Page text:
The leptospirosis vaccine is not required for all dogs. Your veterinarian may recommend this vaccine based on your dog’s lifestyle and exposure risk.
Because humans can also become infected with leptospirosis, dogs suspected of having the disease should be handled with care. Adhere to good hygiene techniques, such as frequent handwashing and avoiding contact with potentially contaminated urine.
As the name implies, coronavirus is caused by a virus. A dog can get it when he comes in contact with the feces of an infected dog. Common symptoms include fever, vomiting, and loss of appetite. It typically runs its course and then the patient is fine. In extreme cases, a veterinarian will give a dog fluids and antibiotics to manage the clinical signs and help prevent secondary infections.
Coronavirus infection is a highly contagious infection of dogs that primarily attacks the intestinal tract. The disease is spread from dog to dog through contact with feces. After coronavirus has been transmitted to a dog, the incubation (development) period of the disease can be as short as one to four days.
Coronavirus infections are typically mild and self-limiting (resolving without treatment), and infected dogs may have several days of diarrhea that resolves without treatment. Other signs may include:
Coronavirus infection is typically diagnosed based on clinical signs, although definitive laboratory testing is available. Because the clinical signs can be similar to those of more serious diseases (such as intestinal parasitism, parvovirus infection, and canine distemper virus), your veterinarian may recommend testing to rule out other illnesses.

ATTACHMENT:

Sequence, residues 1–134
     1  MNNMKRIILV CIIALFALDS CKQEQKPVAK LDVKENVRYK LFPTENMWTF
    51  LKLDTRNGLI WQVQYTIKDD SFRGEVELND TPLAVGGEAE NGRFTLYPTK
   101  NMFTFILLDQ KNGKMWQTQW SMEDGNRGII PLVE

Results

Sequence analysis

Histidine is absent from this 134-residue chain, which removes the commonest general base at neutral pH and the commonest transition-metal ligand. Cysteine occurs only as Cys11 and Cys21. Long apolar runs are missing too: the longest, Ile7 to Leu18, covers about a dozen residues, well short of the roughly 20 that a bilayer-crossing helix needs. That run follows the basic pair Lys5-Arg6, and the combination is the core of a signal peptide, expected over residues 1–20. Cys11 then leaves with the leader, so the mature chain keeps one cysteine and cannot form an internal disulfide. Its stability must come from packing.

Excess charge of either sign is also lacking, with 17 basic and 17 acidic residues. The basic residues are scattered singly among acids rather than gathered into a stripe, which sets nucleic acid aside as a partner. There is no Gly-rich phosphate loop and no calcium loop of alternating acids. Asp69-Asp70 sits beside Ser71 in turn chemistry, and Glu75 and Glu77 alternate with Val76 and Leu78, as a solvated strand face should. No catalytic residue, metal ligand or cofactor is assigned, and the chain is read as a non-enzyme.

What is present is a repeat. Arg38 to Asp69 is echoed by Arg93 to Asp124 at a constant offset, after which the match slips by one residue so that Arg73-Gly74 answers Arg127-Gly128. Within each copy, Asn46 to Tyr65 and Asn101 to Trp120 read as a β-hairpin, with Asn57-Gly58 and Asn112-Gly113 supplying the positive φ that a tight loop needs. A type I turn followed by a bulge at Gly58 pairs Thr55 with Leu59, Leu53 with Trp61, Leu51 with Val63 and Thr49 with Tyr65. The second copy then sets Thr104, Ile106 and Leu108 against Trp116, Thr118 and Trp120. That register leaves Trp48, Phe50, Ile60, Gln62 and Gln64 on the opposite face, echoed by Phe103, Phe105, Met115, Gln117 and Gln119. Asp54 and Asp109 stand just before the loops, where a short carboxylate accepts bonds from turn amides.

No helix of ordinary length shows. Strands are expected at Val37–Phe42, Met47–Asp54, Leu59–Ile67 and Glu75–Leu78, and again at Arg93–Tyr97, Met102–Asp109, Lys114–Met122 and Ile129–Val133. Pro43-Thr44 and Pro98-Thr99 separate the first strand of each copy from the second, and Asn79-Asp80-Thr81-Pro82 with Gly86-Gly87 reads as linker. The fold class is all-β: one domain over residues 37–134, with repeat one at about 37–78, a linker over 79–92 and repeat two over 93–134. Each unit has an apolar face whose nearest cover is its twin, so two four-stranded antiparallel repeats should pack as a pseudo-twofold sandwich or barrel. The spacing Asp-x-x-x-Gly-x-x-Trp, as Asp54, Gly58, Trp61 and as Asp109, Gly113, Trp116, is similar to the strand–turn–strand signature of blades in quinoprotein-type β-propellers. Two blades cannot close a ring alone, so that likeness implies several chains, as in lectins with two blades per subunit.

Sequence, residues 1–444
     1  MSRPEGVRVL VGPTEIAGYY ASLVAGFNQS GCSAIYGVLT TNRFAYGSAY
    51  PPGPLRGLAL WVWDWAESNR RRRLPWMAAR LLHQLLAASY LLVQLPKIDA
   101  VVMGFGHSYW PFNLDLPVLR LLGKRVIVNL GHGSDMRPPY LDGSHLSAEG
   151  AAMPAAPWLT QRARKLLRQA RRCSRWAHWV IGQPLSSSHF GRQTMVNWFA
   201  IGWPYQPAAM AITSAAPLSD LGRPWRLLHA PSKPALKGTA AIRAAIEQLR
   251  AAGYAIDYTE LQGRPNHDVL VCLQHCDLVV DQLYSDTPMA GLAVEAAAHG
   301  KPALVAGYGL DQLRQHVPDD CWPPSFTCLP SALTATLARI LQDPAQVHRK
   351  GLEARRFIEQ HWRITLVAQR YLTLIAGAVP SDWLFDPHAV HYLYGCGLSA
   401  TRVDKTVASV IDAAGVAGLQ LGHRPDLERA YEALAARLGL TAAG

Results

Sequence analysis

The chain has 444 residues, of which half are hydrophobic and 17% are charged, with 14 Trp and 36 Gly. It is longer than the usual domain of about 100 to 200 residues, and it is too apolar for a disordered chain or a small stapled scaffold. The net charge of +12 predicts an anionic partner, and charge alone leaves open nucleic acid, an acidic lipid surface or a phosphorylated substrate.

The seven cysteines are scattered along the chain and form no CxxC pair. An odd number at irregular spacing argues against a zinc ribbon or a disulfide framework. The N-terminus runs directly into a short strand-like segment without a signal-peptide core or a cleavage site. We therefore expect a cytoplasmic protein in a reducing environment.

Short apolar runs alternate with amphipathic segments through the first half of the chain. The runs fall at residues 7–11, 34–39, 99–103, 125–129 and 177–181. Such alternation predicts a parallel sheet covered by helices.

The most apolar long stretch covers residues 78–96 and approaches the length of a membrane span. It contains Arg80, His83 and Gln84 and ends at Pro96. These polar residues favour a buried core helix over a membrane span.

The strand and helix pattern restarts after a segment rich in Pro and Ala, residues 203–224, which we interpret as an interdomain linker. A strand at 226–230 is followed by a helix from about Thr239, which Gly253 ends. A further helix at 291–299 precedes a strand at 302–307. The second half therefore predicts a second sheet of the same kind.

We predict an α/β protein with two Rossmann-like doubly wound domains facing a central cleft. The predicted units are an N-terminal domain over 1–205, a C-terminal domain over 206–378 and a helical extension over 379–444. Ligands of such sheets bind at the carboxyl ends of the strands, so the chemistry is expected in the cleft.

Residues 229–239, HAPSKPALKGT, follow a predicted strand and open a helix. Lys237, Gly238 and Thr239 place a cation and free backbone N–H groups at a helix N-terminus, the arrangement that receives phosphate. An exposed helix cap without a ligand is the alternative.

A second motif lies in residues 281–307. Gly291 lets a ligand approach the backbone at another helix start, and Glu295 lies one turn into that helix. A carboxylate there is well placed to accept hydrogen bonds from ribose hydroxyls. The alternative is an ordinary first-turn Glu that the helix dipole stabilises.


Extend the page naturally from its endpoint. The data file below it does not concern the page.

Coronavirus is an equal opportunity offender. All dog breeds are equally susceptible.
Treatment is typically limited to supportive care, such as fluid therapy, rest, and antibiotics to help prevent secondary infections. If vomiting or diarrhea is severe, medications may be prescribed to manage these symptoms in particular.
Coronavirus is spread through contact with fecal material from infected dogs, so separating sick dogs from healthy ones will help reduce disease spread. Coronavirus can be killed by many types of household disinfectants (including diluted bleach solution), so cleaning contaminated areas and bedding can also help reduce the spread of this infection.
A vaccine is available to prevent canine coronavirus infection. Coronavirus vaccine is not a core vaccine, but it may sometimes be included in combination vaccines for other, more serious diseases, such as infections with canine distemper virus, canine parvovirus, and canine adenovirus type 2.
Kennel cough is a contagious disease that is the scourge of pet hotels and grooming salons and other places where pets congregate. Along with Bordetella and parainfluenza, canine adenovirus type 2 (CAV-2) is one of the reasons dogs get kennel cough. Coughing and gagging accompanied by a fever, runny nose, or red, watery eyes are the most common symptoms. And though the disease typically runs its course without longterm effects, it can lead to a more serious infection so you should speak with your vet if you think your dog has been infected.
Canine adenovirus type 2 causes respiratory disease in dogs and is one of the infectious agents commonly associated with canine infectious tracheobronchitis, which is also known as “kennel cough”. Canine infectious tracheobronchitis is usually spread through coughing. Dogs that are around other dogs, such as at boarding facilities and dog parks, are at increased risk for infection.